GMC Named Most Refined Brand By KBB.com For 3rd Straight Year
Kelley Blue Book recently announced the winners of its annual Brand Image Awards and to no one’s surprise, GMC took top-honors in the Most Refined Brand category for the third year in a row.
The award was bestowed upon GMC due largely to the responses of more than 12,000 shoppers who used KBB.com to research new and used vehicles. GMC’s Denali sub-brand was a driving force behind GMC’s success, and the categories GMC scored the best in were prestige and sophistication, comfort, interior layout, and technology. Kelley Blue Book has praised Denali is past years for its generous amenities and rugged demeanor.
“Premium quality and exterior styling are the top two reasons customers choose GMC vehicles,” said Duncan Aldred, vice president of GMC. “Unprecedented refinement and attention to detail provide our customers with a truly Professional Grade experience.”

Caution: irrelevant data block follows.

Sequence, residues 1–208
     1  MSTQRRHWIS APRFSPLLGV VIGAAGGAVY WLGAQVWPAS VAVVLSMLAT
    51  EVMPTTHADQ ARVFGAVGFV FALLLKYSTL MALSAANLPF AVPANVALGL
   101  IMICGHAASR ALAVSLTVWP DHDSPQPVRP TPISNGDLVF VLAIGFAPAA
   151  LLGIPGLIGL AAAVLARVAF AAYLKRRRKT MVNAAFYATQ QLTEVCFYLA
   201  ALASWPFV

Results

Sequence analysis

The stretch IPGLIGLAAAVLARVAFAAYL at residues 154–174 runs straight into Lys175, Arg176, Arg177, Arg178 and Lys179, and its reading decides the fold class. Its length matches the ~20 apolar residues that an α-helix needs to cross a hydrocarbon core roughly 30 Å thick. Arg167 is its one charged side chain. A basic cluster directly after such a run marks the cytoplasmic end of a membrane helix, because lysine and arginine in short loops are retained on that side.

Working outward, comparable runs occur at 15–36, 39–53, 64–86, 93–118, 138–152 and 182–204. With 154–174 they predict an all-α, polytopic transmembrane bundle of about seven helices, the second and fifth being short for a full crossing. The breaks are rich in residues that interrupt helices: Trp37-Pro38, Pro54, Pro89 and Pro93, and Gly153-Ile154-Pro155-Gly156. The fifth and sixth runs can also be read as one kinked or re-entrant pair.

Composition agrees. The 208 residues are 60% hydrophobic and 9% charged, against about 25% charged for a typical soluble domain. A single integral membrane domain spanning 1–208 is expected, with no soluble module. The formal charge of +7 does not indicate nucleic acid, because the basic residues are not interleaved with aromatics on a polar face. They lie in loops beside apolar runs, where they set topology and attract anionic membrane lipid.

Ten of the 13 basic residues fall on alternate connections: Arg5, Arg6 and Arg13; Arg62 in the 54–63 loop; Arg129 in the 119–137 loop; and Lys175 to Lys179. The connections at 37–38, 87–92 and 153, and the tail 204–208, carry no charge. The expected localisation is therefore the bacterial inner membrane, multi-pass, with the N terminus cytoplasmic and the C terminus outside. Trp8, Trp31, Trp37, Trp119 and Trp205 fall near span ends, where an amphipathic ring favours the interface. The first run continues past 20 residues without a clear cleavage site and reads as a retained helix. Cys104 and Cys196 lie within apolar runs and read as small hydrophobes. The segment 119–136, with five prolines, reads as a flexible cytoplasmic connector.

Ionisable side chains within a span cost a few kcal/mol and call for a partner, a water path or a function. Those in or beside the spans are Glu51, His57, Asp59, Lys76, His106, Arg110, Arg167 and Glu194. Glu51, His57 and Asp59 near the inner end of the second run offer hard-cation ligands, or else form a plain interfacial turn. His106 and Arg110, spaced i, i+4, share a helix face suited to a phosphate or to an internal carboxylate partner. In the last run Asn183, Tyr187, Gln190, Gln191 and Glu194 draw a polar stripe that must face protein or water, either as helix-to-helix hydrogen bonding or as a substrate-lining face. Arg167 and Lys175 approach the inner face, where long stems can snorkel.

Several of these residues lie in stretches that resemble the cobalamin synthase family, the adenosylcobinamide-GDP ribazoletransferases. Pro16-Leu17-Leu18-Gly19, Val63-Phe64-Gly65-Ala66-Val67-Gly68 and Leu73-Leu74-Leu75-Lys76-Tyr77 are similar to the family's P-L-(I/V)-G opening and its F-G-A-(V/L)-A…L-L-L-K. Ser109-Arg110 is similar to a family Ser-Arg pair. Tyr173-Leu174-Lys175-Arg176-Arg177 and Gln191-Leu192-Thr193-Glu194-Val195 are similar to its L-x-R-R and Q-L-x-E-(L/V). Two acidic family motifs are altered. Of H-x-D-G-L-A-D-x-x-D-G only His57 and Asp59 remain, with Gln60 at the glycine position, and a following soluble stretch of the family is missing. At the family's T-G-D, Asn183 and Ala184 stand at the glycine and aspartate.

Since its debut in 1999, the Denali sub-brand has accounted for 850,000 vehicles sold. Furthermore, Denali was responsible for 23% of all GMC sales in 2015, which actually was more than the whole product line of premium manufactures like Porsche, Land Rover, and Jaguar.
The annual Kelley Blue Book Brand Image Awards are notable because they highlight different manufactures for being able to create a strong public perception of their products and then cultivating that favorable perception into a loyal customer base.
The only other General Motor’s brand that was honored in this year’s Brand Image Awards was Buick, which earned the distinction of being named KBB.com’s Best Value Brand in the luxury automobile category.
Gallery: 2016 GMC Vehicles
- Samuel HuistEditor
Samuel Huist is easily the tallest member (6-feet 5-inches) of the The News Wheel team. He enjoys listening to hip-hop music and loves watching NBA basketball. Sam is also a Dayton, Ohio native and doesn’t seem to mind that distinction as much anymore. His first car was a 1996 Ford Taurus he could barely fit in. Like many young folks, he seemed more concerned about the radio in his first car than actually doing the work to maintain an automobile, so sadly it’s no longer with us. See more articles by Samuel.